- They take the gamification aspect a bit too far. In the early stages it seemed that I was receiving a new achievement every ten minutes or so, which made each one feel like less of an accomplishment. And you earn points for each exercise, even the ones that don’t require you to do any coding (they provide some text for you to read and then prompt you to hit the run button to move on to the next exercise). I would rather have the feeling that I earned all of my points.
- There are some small technical issues. On a few occasions, I’ve written my code and seen it run correctly, but the error message says I need to change something. Usually when I check the Q&A someone else has had the same issue, and the answer is that you need to use a very specific variable name or change some spacing; in other words, what I’ve done is correct as far as the programming language is concerned, but the Codecademy system won’t acknowledge it. In other cases, the message tells me I’ve completed the exercise, but when I check back later there’s no green checkmark to indicate I’ve completed it. When this happens, I have to redo the exercise in a different browser.
Overall, I am certainly impressed with Codecademy, but it might not hurt for them to slap up a big “beta” sticker while they iron the kinks out. To their credit, each exercise gives you the option to give it thumbs up or thumbs down, so I’m sure they are collecting data as to what works and what doesn’t. I would suggest they take this one step further and put a comment box next to the thumb icons, since there has been more than one exercise I’ve found frustrating enough to want to write down a sentence or two in addition to clicking on thumbs down.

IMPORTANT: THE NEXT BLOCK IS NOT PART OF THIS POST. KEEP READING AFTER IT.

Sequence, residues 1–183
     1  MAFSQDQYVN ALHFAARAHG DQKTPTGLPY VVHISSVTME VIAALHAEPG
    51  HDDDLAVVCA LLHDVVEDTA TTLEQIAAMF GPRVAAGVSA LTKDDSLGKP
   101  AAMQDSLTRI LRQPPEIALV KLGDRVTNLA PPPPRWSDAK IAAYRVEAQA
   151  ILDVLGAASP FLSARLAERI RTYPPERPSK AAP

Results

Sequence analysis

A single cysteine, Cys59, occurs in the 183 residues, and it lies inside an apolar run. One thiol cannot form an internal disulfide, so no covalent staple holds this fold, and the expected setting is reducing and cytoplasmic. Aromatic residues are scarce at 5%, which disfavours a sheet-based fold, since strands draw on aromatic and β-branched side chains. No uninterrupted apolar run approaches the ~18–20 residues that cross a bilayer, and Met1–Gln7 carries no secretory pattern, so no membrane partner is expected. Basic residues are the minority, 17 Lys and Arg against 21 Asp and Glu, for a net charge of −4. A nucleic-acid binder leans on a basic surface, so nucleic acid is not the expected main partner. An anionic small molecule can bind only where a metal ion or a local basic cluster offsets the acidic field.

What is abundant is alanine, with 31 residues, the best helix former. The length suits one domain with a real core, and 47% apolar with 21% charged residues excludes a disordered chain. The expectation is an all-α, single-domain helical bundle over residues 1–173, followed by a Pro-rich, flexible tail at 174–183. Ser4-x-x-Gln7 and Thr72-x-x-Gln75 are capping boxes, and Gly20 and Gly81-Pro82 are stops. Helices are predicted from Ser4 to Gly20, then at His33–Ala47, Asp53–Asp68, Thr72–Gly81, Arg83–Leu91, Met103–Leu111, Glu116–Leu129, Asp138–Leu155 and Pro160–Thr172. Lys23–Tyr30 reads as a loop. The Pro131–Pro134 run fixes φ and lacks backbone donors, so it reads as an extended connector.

Have you tried Codecademy? I’d be interested to hear your thoughts, so leave a comment below.
16 thoughts on “Learning to code through Codecademy: a great idea, but not quite perfected”
Great post Graham! A very good analysis of Codecademy!
Thanks for the kind words!
I agree – great post and an astute analysis. I have many of the same issues with codecademy that you have and would gripe about it except that I think it’s the best thing out there. Especially for people like me (with no real coding history) the hand-holding does help, but I also think the site lacks some longer, soup-to-nuts assignments that would really get you working with the material that you are learning. The nice thing is that they do have Codecademy Labs (a less obvious link at the bottom of the page) that gives you the space to do any practice programming you like. I have found it invaluable to use that space to make some relatively simple, but still quite involved projects.
By the way, it sounds like we have a very similar history with programming back in the days of BASIC. My friends and I lost a lot of nights making text adventure games during sleepovers. They were both laughably simple and wonderfully fulfilling.
Best- – and keep coding.
Thanks! I haven’t spent much time in the Labs, but I should probably make a point of using that opportunity to practice my new skills.
And yes, it sounds like we have quite a similar history. The games were definitely simple, but it would be fun to see them now. I’m pretty sure I never made any backups, though. Oh well – the memories may be better anyway!
Backups!? So, for my TI994a, I stored data on audio cassette tapes. I’d love to see how hard it would be to ever recover that data.